Evidence Based Design
Design & Planning Considerations – Checklist
- When choosing building materials, consider the height and width of floor joint components, keeping joint components less than 2 mm (1/25 in) high.
- Carpeting is preferable to hard surface materials as it minimizes glare and noise. Securely install low pile carpeting, with pile less than 13 mm (1/2 in) thick and with either a firm or no underpad. Must not impede wheelchair and walker mobility.
- Ensure flooring and walls are in a solid color; avoid bold patterns, flecking, or glossy finishes which present visual perception challenges for older adults.
- Avoid glossy finishes on flooring and do not use wax or polish which make floors shiny as reflective surfaces increase glare and are visually challenging to older adults.
- Ensure walls and floors are in a matte (non-shiny) finish which reduces glare (consider using non-glare paint to achieve a glare index ≤20).
- Keep the walls behind handrails smooth to prevent abrasion injuries to knuckles as older adults navigate the hospital. Apply a non-abrasive finish to walls.
- Use contrasting colors to differentiate baseboard, floor, and wall.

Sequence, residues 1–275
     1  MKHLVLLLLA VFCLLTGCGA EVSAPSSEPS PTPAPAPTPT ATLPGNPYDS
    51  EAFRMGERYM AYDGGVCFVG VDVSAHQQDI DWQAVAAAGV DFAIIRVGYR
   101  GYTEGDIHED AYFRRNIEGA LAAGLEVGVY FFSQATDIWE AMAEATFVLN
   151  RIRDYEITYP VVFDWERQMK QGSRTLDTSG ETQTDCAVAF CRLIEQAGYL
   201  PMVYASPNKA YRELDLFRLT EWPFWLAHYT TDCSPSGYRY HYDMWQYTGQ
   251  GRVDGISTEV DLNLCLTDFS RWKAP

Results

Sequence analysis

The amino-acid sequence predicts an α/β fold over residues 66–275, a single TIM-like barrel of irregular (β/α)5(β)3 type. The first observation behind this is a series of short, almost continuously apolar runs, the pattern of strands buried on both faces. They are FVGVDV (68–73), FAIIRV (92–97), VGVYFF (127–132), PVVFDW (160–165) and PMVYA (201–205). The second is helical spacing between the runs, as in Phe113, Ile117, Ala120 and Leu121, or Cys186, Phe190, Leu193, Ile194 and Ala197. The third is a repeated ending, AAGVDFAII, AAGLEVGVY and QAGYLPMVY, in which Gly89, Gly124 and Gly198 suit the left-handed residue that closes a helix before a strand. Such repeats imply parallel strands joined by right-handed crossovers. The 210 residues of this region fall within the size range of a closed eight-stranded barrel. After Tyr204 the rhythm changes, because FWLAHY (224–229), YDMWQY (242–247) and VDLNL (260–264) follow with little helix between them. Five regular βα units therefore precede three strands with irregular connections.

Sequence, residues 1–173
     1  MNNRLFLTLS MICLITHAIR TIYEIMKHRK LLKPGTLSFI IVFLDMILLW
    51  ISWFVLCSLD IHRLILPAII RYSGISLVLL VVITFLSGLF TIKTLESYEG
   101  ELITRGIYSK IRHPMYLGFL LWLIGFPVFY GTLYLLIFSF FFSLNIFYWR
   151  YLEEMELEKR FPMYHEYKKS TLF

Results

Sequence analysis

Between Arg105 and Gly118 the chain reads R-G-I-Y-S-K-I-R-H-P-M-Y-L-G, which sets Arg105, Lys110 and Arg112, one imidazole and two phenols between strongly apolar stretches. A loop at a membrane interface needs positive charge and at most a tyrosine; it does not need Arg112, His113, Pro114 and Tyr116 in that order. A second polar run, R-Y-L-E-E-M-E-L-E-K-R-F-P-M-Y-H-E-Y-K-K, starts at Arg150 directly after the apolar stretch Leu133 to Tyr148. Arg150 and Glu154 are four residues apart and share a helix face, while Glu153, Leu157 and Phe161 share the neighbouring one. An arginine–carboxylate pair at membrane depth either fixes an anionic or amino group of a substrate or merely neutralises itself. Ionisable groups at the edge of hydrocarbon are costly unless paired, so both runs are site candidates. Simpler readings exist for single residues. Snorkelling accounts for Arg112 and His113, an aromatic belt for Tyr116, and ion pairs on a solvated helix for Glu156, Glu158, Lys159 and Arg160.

- Issues of carpet maintenance and infection control are an important consideration. New products and floor technology may provide other suitable options (cork floors, rubberized tiles).
- Recommend a review of new products prior to determining the flooring chosen for an area. Consideration must be given to service area functions and patient populations being served.
- Solid Solid colors on walls may be made more aesthetically pleasing by placing pictures to support orientation and wayfinding.
Note: All flooring materials should be in a non-slip, non-glare finish to support older adults with limited mobility and/or visual impairments. It is also recommended that flooring materials be designed to reduce noise reverberation.
See below to view and/pr download a PDF of the above Checklist – Flooring & Walls